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Russia and Israel: The unexpected alliance

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  • Russia and Israel: The unexpected alliance

    Russia and Israel: The unexpected alliance
    Russia's basic Middle East policies won't change, nor will Israel
    exchange its alliance with the United States for one with Russia.
    By Adar Primor | May.16, 2012 | 4:34 AM | 3

    He has completed two terms as president and a third as prime minister.
    Theoretically, he could be leading his country until 2024, which would
    make him the longest-serving Russian or Soviet leader since Stalin.
    Vladimir Putin's return to the Kremlin last week generated a wave of
    commentary, which generally concluded that what was, is, and will be.

    Putin 4.0, like the previous versions, believes that Russia still
    hasn't recovered from its crash in the 1990s, so it's not yet ripe for
    pluralistic democracy. Putin 4.0 believes the world is dangerous,
    chaotic and hostile. He will therefore roll back the political reforms
    his predecessor initiated, strengthen the nationalist spirit, stress
    his anti-Western reflexes and abandon the "reset" policy that enhanced
    the relationship between Dmitry Medvedev's Russia and Barack Obama's

    "Russia has no allies but its army and navy," Czar Alexander III used
    to say. The Kremlin has adopted this slogan, according to analyst Dr.
    Ariel Cohen, a senior research fellow at Washington's Heritage
    Foundation. But other fascinating analyses indicate that Russia may
    actually be seeking a new and rather unexpected ally.

    Prof. Mark Katz of Virginia's George Mason University recently wrote a
    piece entitled "What would a democratic Russian foreign policy look
    like?" in the New Zealand International Review. He concludes that
    Russia's foreign policy wouldn't change substantially, with two
    exceptions: China and the Middle East.

    Katz expects a significant warming of relations between Moscow and
    Jerusalem, for several reasons: Israel has become an important source
    of military technology for Russia, both countries are concerned about
    radical Islam, and extensive cultural, trade and tourism links have
    been forged.

    Fyodor Lukyanov, a veteran Russian commentator, wrote a piece in
    response to Katz entitled, "Is Israel on the way to becoming a Russian
    ally?" In the article for Russia Today, Lukyanov sees no reason to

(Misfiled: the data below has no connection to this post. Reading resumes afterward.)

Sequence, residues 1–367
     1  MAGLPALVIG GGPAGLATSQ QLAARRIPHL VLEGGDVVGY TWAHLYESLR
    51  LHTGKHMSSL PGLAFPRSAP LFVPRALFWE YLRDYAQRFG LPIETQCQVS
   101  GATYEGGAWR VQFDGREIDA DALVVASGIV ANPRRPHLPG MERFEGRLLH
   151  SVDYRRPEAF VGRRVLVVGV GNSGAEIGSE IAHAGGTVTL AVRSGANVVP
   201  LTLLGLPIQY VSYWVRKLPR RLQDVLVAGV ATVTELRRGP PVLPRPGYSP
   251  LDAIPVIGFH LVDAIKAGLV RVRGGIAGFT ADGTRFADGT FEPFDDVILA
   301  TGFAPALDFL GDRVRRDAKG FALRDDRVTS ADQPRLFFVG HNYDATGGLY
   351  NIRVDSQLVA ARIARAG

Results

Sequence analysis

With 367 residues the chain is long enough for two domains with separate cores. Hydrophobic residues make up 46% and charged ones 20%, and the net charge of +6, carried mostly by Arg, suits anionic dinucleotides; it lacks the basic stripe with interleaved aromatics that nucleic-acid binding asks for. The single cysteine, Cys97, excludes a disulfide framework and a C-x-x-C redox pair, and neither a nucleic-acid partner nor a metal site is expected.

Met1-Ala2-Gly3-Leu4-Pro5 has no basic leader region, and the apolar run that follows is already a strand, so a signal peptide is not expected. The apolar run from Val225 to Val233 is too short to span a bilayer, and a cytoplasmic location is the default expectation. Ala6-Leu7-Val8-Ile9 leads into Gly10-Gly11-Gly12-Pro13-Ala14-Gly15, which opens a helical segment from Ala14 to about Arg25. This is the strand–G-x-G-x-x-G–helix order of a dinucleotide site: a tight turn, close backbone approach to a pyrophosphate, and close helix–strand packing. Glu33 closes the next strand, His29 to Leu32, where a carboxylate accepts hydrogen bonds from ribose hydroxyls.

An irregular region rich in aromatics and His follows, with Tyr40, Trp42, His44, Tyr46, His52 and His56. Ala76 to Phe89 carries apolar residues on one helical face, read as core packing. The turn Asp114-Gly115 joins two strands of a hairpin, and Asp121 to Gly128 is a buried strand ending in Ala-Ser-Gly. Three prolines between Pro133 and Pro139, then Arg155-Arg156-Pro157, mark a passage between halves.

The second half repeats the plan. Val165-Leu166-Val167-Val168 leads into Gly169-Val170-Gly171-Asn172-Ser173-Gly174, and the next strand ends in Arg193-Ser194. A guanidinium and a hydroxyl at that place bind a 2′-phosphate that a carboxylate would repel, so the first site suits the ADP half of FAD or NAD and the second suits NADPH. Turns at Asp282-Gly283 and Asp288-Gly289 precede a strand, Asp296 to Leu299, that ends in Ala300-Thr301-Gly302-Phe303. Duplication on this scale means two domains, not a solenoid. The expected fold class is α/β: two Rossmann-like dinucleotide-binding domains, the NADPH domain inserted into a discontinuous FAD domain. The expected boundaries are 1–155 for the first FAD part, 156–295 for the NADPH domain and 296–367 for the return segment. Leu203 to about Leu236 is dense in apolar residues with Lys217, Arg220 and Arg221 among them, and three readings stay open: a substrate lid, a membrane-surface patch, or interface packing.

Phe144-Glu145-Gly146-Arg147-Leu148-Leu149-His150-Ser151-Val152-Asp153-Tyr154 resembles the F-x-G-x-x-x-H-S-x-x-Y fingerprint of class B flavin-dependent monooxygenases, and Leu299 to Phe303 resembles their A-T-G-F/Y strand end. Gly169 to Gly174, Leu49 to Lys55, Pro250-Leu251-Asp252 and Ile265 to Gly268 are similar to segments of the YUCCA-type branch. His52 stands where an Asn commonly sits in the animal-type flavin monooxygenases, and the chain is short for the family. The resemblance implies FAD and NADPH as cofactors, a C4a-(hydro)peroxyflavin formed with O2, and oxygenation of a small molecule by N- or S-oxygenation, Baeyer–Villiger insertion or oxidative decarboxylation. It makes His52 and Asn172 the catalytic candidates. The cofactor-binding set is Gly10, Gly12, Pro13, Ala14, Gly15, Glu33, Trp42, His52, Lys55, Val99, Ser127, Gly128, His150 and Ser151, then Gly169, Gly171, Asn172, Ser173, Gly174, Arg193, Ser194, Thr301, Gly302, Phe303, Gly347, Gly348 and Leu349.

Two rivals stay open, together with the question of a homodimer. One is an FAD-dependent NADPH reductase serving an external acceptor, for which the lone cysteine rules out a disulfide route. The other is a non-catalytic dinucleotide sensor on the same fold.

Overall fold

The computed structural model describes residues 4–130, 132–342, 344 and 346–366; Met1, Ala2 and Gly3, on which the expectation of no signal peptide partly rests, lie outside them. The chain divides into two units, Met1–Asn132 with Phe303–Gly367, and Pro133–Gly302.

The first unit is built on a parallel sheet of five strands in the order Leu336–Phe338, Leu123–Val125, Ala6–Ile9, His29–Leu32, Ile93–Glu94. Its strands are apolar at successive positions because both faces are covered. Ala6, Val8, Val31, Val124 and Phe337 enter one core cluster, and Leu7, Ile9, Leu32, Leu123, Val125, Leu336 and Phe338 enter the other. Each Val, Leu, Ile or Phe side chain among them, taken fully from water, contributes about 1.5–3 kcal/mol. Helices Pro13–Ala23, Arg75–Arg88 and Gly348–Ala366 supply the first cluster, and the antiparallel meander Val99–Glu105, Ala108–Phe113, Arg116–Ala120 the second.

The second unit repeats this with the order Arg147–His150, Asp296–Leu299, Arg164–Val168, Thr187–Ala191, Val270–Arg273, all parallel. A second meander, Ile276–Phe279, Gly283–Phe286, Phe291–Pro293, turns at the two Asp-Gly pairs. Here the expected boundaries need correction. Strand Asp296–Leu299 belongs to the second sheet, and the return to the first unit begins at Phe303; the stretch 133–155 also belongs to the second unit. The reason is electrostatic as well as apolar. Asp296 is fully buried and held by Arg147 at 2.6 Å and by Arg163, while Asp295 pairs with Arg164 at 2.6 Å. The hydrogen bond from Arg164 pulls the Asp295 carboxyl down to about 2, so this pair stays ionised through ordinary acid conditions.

wait for a democratic Russia to support Katz's assumption.

    First, the Arab world's deep antagonism toward Russia during the Arab
    Spring puts it in a new position. Second, both Russia and Israel
    oppose democratization in the Middle East because both believe it will
    lead to Islamization in the region and beyond. Third, Israel, as a
    high-tech powerhouse, can help Russia with the modernization it so
    badly needs.

    And here are the two most interesting points in Lukyanov's analysis:
    Paradoxically, he says, if Israel attacks Iran (in a clear
    contradiction of Russia's declared policy ) it may remove the main
    dispute between Moscow and Jerusalem from the agenda. Finally, the
    rising calls in the United States claiming that its "Israel first"
    policy limits America's strategic maneuvering may lead the United
    States to change its diplomatic priorities - in which case Israel
    might seek to diversify its stable of allies as well.

    Reports that Putin has decided to make Israel one of his first foreign
    destinations after being sworn in has of course contributed to the
    debate. Former Israeli ambassador to Russia Zvi Magen has written that
    the Middle East has once again become an arena of competition between
    Russia and Western powers, and that Moscow seeks to enhance its
    relationship with Israel - in part to blunt the growing assertiveness
    of Turkey, which sees the Caucasus as its backyard.

    The Turkish threat, he says, and the gas fields recently discovered in
    the eastern Mediterranean are behind a Russian initiative to establish
    a bloc with Israel, Cyprus and Greece. An alliance between Moscow and
    Jerusalem could become "a new factor of influence in this unstable
    region during a time of great uncertainty," Magen concludes.

    Still, it doesn't seem that a Putin visit, even if it happens soon,
    will lead to a diplomatic earthquake like the one Richard Nixon's
    visit to China caused in 1972. Nor will it reverse Russia's historic
    betrayal of Israel in 1952.

    Russia's basic Middle East policies won't change, nor will Israel
    exchange its alliance with the United States for one with Russia -
    certainly not if Prime Minister Benjamin Netanyahu's friend Mitt
    Romney, who has called Russia "America's top geopolitical adversary,"
    wins the November presidential election.

    All this speculation is linked to the Putin era, but as long as the
    Russian street continues to agitate against him, it's likely he's not
    looking toward 2024, but trying to survive tomorrow.

    From: Emil Lazarian | Ararat NewsPress